• In JavaScript, functions can be nested to any level. Once you begin nesting functions more than two levels deep, the JS outer functions act like nested Java packages (or Visual Studio namespaces).
  • JavaScript code organization. There can be JavaScript code before and/or after functions. The code that's not in a function just executes top to bottom, skipping over the function definitions.

First JavaScript Code Example

Click on the green icon to run this example that demonstrates most of the ideas explained above (declaring variables that can dynamically change their data type, how to define and invoke a function). In this particular code example, I have copy/pasted the code into the UI, but generally speaking, after running code examples on this page, right click and "View Source" to see the code.

More About JavaScript

Visit W3Schools.com to learn more about Data Types and functions, then read about JavaScript events.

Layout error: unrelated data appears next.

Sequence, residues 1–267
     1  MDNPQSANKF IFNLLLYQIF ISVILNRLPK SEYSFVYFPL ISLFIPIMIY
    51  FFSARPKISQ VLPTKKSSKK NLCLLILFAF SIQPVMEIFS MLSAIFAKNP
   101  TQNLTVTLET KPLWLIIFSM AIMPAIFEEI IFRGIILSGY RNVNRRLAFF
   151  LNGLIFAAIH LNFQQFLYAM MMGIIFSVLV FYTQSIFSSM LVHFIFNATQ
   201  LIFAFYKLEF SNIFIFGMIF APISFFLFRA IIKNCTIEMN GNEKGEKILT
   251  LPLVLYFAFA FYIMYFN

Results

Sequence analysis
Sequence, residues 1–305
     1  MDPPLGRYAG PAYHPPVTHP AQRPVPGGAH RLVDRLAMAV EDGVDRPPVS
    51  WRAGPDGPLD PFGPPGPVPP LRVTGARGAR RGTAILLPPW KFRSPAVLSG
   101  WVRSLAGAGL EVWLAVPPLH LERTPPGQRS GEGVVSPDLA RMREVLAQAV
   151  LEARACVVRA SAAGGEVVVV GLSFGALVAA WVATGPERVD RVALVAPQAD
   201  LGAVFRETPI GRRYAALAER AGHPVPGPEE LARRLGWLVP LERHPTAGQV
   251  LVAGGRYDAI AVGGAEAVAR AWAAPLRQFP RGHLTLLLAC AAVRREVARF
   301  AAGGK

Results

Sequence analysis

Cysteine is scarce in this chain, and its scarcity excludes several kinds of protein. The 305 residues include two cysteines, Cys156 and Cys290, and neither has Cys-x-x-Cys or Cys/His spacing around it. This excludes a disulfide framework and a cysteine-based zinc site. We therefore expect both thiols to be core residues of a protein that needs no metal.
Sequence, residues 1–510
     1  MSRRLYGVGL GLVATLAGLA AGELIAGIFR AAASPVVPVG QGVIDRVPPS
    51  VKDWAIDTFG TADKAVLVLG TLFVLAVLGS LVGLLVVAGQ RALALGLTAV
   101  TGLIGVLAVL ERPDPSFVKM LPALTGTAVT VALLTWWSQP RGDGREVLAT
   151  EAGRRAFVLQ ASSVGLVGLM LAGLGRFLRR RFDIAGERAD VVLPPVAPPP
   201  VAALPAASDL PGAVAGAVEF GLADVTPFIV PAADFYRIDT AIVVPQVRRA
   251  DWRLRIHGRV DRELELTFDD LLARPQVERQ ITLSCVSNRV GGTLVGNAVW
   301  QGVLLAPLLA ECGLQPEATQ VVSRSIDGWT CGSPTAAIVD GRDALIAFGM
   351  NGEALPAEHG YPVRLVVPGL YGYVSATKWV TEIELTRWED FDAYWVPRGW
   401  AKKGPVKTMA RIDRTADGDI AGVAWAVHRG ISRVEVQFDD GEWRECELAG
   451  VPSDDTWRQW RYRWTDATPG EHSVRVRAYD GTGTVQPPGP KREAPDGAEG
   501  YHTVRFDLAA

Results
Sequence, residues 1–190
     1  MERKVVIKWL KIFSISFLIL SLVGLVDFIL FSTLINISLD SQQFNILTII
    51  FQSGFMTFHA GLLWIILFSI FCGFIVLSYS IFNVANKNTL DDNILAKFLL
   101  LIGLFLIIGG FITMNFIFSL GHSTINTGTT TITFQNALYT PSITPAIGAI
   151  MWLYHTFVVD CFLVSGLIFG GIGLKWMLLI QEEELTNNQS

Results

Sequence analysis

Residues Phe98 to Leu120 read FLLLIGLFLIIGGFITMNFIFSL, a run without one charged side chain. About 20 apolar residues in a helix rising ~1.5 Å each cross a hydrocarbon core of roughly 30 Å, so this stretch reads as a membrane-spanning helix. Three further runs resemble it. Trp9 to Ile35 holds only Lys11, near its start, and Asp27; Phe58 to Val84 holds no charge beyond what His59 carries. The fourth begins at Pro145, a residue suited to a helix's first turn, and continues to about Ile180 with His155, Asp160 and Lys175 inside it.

Click here for more JavaScript example code from W3Schools.

How Do I Debug JavaScript?

NetBeans Editor

The NetBeans editor does a very good job of identifying JS syntax errors, so pay attention to these and resolve as many errors as possible before running your code.

Chrome Console

When debugging your JavaScript code, you will only see runtime error messages if you have Chrome's console open (press F12 then click on "console"). The console will show you the line number of the error and provide a link to the actual code (or just find that number in NetBeans where you can also edit/fix the error).

If you add "console.log( )" statements to your JavaScript code, you'll see that output in Chrome's console. If you "console.log( )" an object (object must be by itself, not concatenated with any text), the object will be displayed "tree form" (collapsible) in the console and this is quite useful for discovering the properties of an object.

Chrome Debugger

Wherever you want your first breakpoint, just add this line of code to your JavaScript:

    debugger; // Sets an initial breakpoint for Chrome's debugger  
Then, when the "debugger" line of code is executed, Chrome (with F12 debug window open) will present an interface like the one below. From here, you can step through your code and/or hover over objects/variables to see their current values.